Research Paper Volume 12, Issue 14 pp 14633—14648
ASNEO: Identification of personalized alternative splicing based neoantigens with RNA-seq
- 1 Department of Ophthalmology, Shanghai Tenth People’s Hospital, Tongji University, School of Medicine, Tongji University, Shanghai 200009, China
- 2 Department of Endocrinology and Metabolism, Shanghai Tenth People's Hospital; Bioinformatics Department, School of Life Sciences and Technology, Tongji University, Shanghai 200009, China
- 3 Department of Gastroenterology, Shanghai Tenth People's Hospital; Bioinformatics Department, School of Life Sciences and Technology, Tongji University, Shanghai 200009, China
- 4 School of Geographic and Biologic Information, Nanjing University of Posts and Telecommunications, Nanjing 210023, China
Received: March 19, 2020 Accepted: June 4, 2020 Published: July 22, 2020https://doi.org/10.18632/aging.103516
How to Cite
Copyright © 2020 Zhang et al. This is an open-access article distributed under the terms of the Creative Commons Attribution License (CC BY 3.0), which permits unrestricted use, distribution, and reproduction in any medium, provided the original author and source are credited.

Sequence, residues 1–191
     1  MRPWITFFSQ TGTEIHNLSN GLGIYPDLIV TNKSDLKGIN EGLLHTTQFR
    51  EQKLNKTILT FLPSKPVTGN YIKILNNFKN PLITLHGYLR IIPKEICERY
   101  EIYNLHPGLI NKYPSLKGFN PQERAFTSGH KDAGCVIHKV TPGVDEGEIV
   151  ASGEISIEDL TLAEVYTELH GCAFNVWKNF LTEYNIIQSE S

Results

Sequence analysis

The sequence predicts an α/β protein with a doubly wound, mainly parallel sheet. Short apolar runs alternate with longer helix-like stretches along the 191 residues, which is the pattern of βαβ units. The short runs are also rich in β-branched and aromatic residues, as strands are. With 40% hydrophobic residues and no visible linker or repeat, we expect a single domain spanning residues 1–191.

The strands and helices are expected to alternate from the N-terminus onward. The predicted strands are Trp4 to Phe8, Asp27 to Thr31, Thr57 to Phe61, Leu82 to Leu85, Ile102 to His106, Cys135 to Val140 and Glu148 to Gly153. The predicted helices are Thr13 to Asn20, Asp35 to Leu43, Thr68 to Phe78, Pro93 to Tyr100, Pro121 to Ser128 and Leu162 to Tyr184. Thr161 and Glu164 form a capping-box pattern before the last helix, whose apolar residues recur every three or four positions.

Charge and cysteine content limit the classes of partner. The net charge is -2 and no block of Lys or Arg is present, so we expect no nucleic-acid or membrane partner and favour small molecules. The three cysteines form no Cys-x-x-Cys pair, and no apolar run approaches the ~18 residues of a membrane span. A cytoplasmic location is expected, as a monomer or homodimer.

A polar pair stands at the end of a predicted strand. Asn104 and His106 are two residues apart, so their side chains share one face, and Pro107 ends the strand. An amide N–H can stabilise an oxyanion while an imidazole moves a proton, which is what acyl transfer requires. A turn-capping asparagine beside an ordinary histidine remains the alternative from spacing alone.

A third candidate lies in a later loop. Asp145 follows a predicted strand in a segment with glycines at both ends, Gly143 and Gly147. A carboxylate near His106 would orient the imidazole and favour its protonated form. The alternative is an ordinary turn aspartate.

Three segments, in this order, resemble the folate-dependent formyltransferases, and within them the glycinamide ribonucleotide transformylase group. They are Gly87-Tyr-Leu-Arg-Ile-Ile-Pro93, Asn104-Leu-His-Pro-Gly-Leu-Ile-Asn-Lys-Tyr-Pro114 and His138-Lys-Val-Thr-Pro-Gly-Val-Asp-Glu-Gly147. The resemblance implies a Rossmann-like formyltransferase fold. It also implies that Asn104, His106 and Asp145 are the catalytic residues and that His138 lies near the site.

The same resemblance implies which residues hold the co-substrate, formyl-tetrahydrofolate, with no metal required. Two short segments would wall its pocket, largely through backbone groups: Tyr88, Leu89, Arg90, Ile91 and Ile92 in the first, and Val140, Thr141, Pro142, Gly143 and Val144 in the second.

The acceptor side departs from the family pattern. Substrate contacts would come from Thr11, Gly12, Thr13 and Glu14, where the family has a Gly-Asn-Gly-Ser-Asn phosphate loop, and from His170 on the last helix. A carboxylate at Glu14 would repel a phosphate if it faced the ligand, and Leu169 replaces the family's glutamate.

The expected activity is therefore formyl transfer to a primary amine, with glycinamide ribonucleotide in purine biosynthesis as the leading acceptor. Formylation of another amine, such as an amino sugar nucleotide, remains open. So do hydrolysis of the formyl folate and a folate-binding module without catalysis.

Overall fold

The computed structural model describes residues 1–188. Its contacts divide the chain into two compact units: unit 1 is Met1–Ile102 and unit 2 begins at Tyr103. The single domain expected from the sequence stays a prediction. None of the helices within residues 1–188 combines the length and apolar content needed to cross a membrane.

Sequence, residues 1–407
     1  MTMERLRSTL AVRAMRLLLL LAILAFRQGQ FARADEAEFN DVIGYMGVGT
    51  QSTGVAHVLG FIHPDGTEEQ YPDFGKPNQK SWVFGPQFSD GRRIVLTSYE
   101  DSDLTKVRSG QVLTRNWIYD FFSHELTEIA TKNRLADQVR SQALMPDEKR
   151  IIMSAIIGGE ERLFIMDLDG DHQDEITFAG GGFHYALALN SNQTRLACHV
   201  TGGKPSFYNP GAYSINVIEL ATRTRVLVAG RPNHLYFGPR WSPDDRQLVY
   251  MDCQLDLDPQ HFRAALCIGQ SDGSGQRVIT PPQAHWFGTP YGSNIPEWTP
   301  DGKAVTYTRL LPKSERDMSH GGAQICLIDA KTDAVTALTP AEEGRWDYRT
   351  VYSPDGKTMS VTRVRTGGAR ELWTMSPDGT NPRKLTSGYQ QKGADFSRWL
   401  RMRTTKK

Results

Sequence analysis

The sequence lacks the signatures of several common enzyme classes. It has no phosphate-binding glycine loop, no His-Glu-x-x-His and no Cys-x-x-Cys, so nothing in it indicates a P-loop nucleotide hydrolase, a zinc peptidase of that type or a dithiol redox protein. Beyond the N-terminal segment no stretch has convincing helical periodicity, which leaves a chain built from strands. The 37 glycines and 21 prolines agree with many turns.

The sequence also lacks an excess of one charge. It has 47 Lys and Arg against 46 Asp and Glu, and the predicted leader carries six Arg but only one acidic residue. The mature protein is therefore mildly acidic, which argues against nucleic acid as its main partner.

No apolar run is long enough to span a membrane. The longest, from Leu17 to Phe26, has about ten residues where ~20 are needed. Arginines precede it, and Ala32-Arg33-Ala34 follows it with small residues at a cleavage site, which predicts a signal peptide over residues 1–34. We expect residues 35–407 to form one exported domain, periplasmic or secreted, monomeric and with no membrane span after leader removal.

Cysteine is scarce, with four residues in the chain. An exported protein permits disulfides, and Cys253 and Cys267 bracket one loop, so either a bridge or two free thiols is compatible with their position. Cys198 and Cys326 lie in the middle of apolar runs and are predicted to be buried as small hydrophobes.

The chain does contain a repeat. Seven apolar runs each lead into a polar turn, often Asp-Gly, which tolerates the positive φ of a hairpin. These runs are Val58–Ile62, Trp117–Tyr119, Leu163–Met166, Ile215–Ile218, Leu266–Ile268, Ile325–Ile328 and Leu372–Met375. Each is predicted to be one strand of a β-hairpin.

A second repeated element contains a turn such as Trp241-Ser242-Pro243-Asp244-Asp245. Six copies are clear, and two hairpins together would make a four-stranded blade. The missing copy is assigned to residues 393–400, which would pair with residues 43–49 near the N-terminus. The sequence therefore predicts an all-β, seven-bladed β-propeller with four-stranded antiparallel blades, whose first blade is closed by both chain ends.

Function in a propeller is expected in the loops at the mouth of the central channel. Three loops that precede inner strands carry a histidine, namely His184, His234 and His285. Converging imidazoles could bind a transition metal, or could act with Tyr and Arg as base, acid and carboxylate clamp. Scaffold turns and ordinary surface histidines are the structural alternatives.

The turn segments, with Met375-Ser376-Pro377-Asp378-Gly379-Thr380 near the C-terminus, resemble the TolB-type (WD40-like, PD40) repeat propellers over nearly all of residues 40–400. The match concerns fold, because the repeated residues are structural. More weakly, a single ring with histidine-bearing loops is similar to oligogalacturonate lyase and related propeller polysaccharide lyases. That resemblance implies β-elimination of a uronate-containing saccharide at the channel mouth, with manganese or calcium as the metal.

Cancer neoantigens have shown great potential in immunotherapy, while current software focuses on identifying neoantigens which are derived from SNVs, indels or gene fusions. Alternative splicing widely occurs in tumor samples and it has been proven to contribute to the generation of candidate neoantigens. Here we present ASNEO, which is an integrated computational pipeline for the identification of personalized Alternative Splicing based NEOantigens with RNA-seq. Our analyses showed that ASNEO could identify neopeptides which are presented by MHC I complex through mass spectrometry data validation. When ASNEO was applied to two immunotherapy-treated cohorts, we found that alternative splicing based neopeptides generally have a higher immune score than that of somatic neopeptides and alternative splicing based neopeptides could be a marker to predict patient survival pattern. Our identification of alternative splicing derived neopeptides would contribute to a more complete understanding of the tumor immune landscape. Prediction of patient-specific alternative splicing neopeptides has the potential to contribute to the development of personalized cancer vaccines.